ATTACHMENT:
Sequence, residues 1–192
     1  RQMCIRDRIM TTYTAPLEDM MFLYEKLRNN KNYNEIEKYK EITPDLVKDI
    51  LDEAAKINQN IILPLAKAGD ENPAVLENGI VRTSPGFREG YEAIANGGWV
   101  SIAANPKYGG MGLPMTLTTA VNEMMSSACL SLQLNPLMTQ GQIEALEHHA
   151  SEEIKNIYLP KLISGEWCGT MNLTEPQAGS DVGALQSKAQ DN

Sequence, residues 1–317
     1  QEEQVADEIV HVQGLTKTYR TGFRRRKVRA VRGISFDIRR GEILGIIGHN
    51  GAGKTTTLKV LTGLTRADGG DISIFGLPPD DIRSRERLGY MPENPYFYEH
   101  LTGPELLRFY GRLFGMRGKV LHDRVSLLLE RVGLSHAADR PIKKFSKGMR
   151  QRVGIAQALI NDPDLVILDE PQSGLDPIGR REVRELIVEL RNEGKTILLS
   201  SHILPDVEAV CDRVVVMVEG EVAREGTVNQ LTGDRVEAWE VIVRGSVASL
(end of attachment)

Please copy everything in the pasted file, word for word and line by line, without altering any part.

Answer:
Sequence, residues 1–192
     1  RQMCIRDRIM TTYTAPLEDM MFLYEKLRNN KNYNEIEKYK EITPDLVKDI
    51  LDEAAKINQN IILPLAKAGD ENPAVLENGI VRTSPGFREG YEAIANGGWV
   101  SIAANPKYGG MGLPMTLTTA VNEMMSSACL SLQLNPLMTQ GQIEALEHHA
   151  SEEIKNIYLP KLISGEWCGT MNLTEPQAGS DVGALQSKAQ DN

Sequence, residues 1–317
     1  QEEQVADEIV HVQGLTKTYR TGFRRRKVRA VRGISFDIRR GEILGIIGHN
    51  GAGKTTTLKV LTGLTRADGG DISIFGLPPD DIRSRERLGY MPENPYFYEH
   101  LTGPELLRFY GRLFGMRGKV LHDRVSLLLE RVGLSHAADR PIKKFSKGMR
   151  QRVGIAQALI NDPDLVILDE PQSGLDPIGR REVRELIVEL RNEGKTILLS
   201  SHILPDVEAV CDRVVVMVEG EVAREGTVNQ LTGDRVEAWE VIVRGSVASL